Every time I go there I discover something new: open spaces, extensive rose gardens, cool playground, woods, streams, ponds, ruins, pitch'n'putt next door, nice coffee, small Saturday market.
North Dublin, next to Coast Road. Killester Dart station's probably the closest - about 5mins walk (but we usually drive or bus it - Coast Road has lots of buses)
A secret gem in Phoenix Park where they hold events over the summer; you can go and wander round the the grounds, the sunken garden, the walled garden, eat in the stunning boathouse restarant (12:30-5pm) overlooking the fish pond. They have outdoor concerts there too, and a farmers market. A one stop shop for a dry Sunday.
See www.farmleigh.ie/ for more details and opening times.
In my experience, it's usually nice & quiet - a lovely old fashioned city centre square. Slightly wild & overgrown - feels like a Lewis Carrol novel in places.
Nice secluded playground too for younger kids. Near the National Gallery which is also worth a visit (for both art and lunch!).
Merrion Square. Near Pearce St Dart. Lots of bus services. 2 minute walk from Stephen's Green, or Trinity College (East side).
Almost a stone’s throw away from St Stephen's Green, this little park is a quiet little getaway from the hustle and bustle of the city centre. While full of office workers during lunchtime on summer days, you'll nearly have the place to yourself when they're in work. A real hidden treasure.
Entrance is on Clonmel Street, off Harcourt Street.
Nearest Luas (light rail) stop: Harcourt Street and St Stephen's Green
This grand old public park, on the outskirts of Dublin's southern suburbs is a great way of escaping the mayhem, walking off that hangover and acts as a gateway to the beautiful Dublin and Wicklow hills. A wander through the Victorian grounds, forest, Saturday market and model railway for kids is extremely rewarding.
For one of the outstanding views of Dublin, follow the yellow marker posts for about an hour on a climb into the nearby woods. This view (on the Wicklow walkway) looks north taking in Dublin city, the bay and environs.
For even more stunning scenery follow the track for another hour up the hill and the city disappears to reveal open Irish hillsides and rolling forests. If you’re lucky, you will see some native deer and mountain goats.
Take the 48A bus from Dame Street (city centre near O'Connell Street) for 1/2 an hour, the last stop is Marley Park. To get to the viewing points follow the yellow markers in the main carpark. A map and information are also provided. For more details on the Wicklow way see www.wicklowway.com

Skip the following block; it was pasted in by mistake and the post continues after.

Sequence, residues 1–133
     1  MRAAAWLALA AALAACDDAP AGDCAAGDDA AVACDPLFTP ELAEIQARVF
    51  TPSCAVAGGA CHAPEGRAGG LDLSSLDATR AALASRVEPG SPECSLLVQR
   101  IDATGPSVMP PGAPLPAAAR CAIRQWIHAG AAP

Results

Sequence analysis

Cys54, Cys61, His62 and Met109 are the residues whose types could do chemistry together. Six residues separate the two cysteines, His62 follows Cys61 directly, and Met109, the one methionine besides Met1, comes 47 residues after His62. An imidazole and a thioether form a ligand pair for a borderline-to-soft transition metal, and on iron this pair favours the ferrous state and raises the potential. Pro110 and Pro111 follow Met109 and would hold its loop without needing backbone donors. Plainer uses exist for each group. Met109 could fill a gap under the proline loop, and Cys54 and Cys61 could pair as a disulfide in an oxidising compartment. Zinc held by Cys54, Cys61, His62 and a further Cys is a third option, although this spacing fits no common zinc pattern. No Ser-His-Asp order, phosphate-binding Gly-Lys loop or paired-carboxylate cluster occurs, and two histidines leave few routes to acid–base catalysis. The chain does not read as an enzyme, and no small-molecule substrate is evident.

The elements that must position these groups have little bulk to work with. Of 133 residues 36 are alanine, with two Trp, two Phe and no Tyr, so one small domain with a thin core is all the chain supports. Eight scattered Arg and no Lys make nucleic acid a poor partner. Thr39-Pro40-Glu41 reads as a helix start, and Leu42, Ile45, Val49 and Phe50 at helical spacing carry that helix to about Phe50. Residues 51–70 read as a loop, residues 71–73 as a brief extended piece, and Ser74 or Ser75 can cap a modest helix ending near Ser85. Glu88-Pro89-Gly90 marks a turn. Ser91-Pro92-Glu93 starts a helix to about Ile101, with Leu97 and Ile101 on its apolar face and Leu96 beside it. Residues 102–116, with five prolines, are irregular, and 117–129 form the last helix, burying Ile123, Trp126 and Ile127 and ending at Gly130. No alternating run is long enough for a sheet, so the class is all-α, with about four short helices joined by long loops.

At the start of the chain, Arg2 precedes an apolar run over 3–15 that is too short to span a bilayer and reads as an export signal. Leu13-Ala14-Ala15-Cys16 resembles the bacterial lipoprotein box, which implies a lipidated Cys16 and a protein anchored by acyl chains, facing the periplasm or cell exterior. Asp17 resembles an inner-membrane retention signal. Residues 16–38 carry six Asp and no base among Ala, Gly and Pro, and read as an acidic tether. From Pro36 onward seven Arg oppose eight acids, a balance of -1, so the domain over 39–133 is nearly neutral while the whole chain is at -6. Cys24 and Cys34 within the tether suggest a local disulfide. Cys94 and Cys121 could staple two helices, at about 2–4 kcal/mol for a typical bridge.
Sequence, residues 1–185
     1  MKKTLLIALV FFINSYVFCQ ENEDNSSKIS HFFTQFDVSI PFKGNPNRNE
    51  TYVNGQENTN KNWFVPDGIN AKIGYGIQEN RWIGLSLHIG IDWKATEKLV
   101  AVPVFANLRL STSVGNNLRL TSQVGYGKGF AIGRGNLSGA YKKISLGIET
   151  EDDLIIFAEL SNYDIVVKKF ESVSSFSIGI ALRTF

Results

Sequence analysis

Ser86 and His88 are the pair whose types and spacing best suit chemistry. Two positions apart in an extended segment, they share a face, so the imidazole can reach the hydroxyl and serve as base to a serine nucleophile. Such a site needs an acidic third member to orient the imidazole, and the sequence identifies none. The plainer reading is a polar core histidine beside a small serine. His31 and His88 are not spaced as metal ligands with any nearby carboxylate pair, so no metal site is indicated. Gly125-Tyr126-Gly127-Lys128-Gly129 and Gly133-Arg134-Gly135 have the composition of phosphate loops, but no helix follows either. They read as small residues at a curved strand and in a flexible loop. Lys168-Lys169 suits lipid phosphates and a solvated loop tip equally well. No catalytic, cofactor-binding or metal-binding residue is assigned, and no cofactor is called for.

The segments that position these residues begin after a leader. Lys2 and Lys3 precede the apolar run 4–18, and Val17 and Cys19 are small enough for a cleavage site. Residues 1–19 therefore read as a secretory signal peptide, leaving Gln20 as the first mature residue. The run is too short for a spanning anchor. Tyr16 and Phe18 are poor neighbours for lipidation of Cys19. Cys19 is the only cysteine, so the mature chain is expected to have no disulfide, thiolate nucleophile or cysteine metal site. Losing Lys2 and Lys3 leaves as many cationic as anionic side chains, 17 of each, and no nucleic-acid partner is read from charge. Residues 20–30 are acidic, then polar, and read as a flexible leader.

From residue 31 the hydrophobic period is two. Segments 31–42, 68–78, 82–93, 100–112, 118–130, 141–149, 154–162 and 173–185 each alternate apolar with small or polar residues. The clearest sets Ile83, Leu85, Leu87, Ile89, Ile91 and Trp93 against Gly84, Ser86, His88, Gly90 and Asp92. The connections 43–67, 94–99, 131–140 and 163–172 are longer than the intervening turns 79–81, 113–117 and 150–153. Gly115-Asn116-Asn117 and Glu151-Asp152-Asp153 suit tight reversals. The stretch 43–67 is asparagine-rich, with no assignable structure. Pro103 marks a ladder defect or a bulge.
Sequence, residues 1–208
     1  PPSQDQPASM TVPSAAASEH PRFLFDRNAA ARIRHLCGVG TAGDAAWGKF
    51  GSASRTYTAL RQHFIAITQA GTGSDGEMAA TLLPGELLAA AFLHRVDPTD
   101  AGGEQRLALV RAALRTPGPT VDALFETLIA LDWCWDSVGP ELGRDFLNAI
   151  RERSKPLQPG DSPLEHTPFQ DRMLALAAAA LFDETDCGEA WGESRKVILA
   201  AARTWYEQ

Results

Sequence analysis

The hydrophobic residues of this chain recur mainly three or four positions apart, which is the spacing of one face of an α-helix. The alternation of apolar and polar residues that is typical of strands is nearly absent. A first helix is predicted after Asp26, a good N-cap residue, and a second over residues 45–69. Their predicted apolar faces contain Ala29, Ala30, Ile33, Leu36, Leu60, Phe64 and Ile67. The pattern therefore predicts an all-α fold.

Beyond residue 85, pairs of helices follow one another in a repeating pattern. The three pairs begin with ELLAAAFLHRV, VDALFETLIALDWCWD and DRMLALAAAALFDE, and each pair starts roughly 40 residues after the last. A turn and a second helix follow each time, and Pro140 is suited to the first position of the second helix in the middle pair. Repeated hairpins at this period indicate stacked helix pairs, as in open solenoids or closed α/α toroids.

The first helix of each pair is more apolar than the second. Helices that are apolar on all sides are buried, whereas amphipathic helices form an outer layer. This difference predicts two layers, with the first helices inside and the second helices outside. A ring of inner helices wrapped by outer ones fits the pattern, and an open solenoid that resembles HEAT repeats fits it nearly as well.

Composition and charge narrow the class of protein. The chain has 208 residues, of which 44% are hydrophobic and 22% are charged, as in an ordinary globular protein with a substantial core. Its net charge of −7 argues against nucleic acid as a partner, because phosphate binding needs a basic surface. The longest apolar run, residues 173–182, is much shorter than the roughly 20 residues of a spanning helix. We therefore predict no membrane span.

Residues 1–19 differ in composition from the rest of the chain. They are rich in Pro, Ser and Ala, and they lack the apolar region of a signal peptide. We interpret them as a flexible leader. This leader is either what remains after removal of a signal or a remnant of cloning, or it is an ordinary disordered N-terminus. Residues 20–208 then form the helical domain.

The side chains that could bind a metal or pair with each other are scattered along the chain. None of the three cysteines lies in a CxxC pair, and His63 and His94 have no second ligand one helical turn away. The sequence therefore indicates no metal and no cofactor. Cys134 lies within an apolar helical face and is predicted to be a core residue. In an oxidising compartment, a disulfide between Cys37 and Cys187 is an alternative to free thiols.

The park is 707 hectares, making it more than twice the area of New York's Central Park.
The park is interesting not just for this expanse of land, but also because of the interesting history of its development. It began as a Royal Deer Park from around 1662, and was opened to the public in 1747. It holds a zoo, visitor centre, deer, the big Papal cross and the president's home (Aras an Uachtarain).
It's ideal to get the Luas up there, and chill out for a day, or just recover from the night before before hitting the town again.
At the west of the city, opposite Heuston train station
Designed by Sir Edwin Lutyens, the Irish National War Memorial commemorates the estimated 49,000 Irishmen - all volunteers - who died, and the estimated 300,000 who fought in the British army during the first world war.
Unlike his other war memorials, Lutyens designed a tranquil garden on the banks of the Liffey. The garden consists of a Great War stone surrounded by circular fountains, which in turn are enclosed by pairs of 'book rooms' and pergolas. The 'book rooms' take the form of small limestone pavilions with sloping stone roofs and blank niches. Originally these rooms contained books designed by Harry Clarke containing all the names of the war dead.
The gardens was shamefully neglected for many years before undergoing restoration by the OPW in the 1980s. The park ranger now has a facility in one of the pavilions to view and print any page from the 12 book memorial record.
A stone’s throw from the wonderful Irish Museum of Modern Art, the historic Kilmainham Jail and close to the National Museum and Guinness brewery, it is a worthwhile and peaceful diversion from the throng of the city centre.
The riverside location is tranquil, and various rowing clubs are located on the opposite bank, beyond which you can see the magazine fort in the Phoenix Park. One of Dublin's best-kept secrets, the gardens bloom beautifully in mid-summer.
Located in Islandbridge, Dublin 8. Approximately 20 minutes walk from the Luas stop at Heuston Station. Buses:25,25A,26,51,68,69,78A & 79 from city centre all stop nearby.
At over 700 acres, this is Dublin's giant playground - the largest enclosed urban park in Europe. It features lakes, deer, cricket and polo pitches, Dublin zoo and Áras an Uachtaráin, the home of the president.
From the city centre, wander along the Liffey to the Parkgate entrance opposite Heuston station.
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